The holidays are usually the time to give gifts. But with new tax laws looming, the end of 2021 could see some very extravagant donations.
The tax bases of a donation
The recipient of a donation does not pay income tax on the donation. However, the donor may pay gift tax unless one of the two exemptions applies.
The first gift tax exemption is the annual exemption – anyone can give another person a gift of up to $15,000 per year. Spouses can give together $30,000 per year. After that, the gift is subject to gift tax and you will need to use the second type of exemption – the lifetime exemption.
Under current law, the estate and gift tax exemption is $11.7 million per person. You can donate up to the exemption amount during your lifetime or upon death, or a combination of both, tax-free. The exemption amount is adjusted each year and, if no changes in the law are made, it will increase to approximately $12,060,000 in 2022.
What could change?
The current estate and gift tax exemption law will end in 2025, and the exemption amount will revert to the previous law’s $5 million cap, which, when adjusted for inflation, should be around $6.2 million.
The Build Back Better bill that bounced through Congress included a provision that would accelerate the sunset provision so that the exemption drops to $6 million by January 1, 2022. As a result, estate planning attorneys have been scrambling to get blueprints. in place for clients to use the full inheritance/gift tax exemption available in 2021 in the event of disappearance.
But then, on October 29, 2021, President Biden introduced a “framework” for an amended bill that eliminated that change, leaving the current law to expire in 2025. The framework also eliminated provisions that would have destroyed many technical used by high nets. – allows taxpayers to transfer their assets to younger generations without incurring gift or inheritance tax.
Estate planning lawyers could breathe again. But not for long.
Who should act
If your net worth is less than $6 million (or $12 million for a married couple), you may not have to worry about inheritance tax. That is, unless the exemption is even lower – as Senator Bernie Sanders and others would like.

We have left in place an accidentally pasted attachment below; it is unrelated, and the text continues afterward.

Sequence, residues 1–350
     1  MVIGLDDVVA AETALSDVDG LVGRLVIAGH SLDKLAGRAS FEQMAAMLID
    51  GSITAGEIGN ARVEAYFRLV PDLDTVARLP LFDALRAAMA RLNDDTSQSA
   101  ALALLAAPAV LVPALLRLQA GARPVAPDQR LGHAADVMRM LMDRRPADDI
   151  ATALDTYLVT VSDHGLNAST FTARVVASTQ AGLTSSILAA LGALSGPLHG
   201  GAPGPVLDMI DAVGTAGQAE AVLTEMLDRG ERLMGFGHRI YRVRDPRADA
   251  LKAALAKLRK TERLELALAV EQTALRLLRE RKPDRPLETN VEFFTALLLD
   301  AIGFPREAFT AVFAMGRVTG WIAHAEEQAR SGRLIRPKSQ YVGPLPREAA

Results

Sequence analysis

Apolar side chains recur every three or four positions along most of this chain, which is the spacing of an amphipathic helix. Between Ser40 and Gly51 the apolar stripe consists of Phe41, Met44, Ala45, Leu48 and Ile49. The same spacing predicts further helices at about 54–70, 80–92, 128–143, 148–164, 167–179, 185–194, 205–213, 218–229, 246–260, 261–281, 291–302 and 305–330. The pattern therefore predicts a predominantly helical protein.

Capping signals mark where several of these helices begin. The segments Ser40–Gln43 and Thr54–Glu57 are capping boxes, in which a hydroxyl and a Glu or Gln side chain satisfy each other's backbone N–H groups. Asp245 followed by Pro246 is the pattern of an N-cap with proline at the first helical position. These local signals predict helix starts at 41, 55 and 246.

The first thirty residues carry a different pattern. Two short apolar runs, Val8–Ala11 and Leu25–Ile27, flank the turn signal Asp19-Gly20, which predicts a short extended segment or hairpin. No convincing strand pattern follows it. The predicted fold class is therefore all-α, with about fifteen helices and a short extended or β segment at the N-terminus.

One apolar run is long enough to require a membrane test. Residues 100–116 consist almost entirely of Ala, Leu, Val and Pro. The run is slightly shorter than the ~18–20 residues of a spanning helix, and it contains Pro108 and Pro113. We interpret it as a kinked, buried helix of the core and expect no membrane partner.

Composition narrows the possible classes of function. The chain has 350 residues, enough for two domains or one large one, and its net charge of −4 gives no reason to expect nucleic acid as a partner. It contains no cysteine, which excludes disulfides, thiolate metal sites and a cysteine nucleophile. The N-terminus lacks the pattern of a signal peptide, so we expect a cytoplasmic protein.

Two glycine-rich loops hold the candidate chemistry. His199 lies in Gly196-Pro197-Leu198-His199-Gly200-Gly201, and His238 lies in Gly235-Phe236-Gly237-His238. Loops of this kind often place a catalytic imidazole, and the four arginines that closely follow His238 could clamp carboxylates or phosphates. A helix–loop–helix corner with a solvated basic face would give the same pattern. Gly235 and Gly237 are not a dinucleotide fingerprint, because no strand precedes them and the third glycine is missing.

For those with estates likely to exceed $6 million per spouse, especially those whose assets are likely to appreciate significantly, now is the time to act.
What is the problem and why now?
In simplified terms, let’s assume that Harry and Neta Williams (HNW) have a combined net worth of $30 million. If they do nothing and live past 2025, they may have an $18 million taxable estate ($30 million minus $12 million in exemptions). At a tax rate of 40%, this represents a tax bill of $7.2 million.
If HNW had instead donated the maximum of $23.4 million currently under the current exemption, his taxable estate would be only $6.6 million, resulting in a tax bill of $2,520,000. $, a savings of almost $5 million in taxes. This is true even if they die in a year where the exemption is lower than it was at the time of their donations.
The inheritance/gift tax exemption is, in essence, a “use it or lose it” proposition. We have the highest inheritance tax exemption we have had since inheritance taxes existed. If it drops before you use the full amount of the exemption, it is no longer available.
Gift Transfer Techniques
You might be thinking that HNW doesn’t want to give two-thirds of his net worth to his kids just to avoid $5 million in estate tax. And that may be true. You may also think that the $2.5 million in taxes, even after their generous donations, is too much tax. This may also be true. And that’s why real estate planners are very busy.
There are techniques that can be used to leverage donations, provide an income stream to the donor, and even keep the donor in control of certain assets. Some of these techniques are
Discounted Gifts: When assets are transferred into an entity (usually a limited partnership or limited liability company), the gift of a minority stake in that entity is usually assigned a present value due to a lack of control and merchantable quality, allowing the donor to give more using less. of their exemption.
Annuity trusts retained by the settlor: It is a type of trust to which the donor transfers assets and retains a right to payment over a term. At the end of the term, the beneficiaries receive the assets and the entire capital gain. The donor also pays income tax on the income from the assets of the trust, allowing for another tax-free transfer of assets.
Sales to intentionally defective grantor trusts: The donor establishes a trust, donates some assets, and then sells other assets to that trust in exchange for a promissory note. Done well, there is a minimum donation, there is no gain on sale (for tax purposes, it is as if the donor had sold the property to himself), the donor pays the tax income and the added value is passed on to the next generation.
All of these techniques have been and likely will continue to be scrutinized by Congress, which is why it’s time to act even if the Build Back Better Act ends up failing to make estate tax changes.
The best gifting plan is often one that can be executed over time. At a minimum, we know that inheritance and gift tax exemption will drop significantly in 2026, and it’s not far off.
Teresa J. Rhyne is an attorney who practices estate planning and trust administration in Riverside and Paso Robles. She is also the New York Times #1 bestselling author for “The Dog Lived (and So Will I)” and “Poppy in The Wild.” Contact her at [email protected]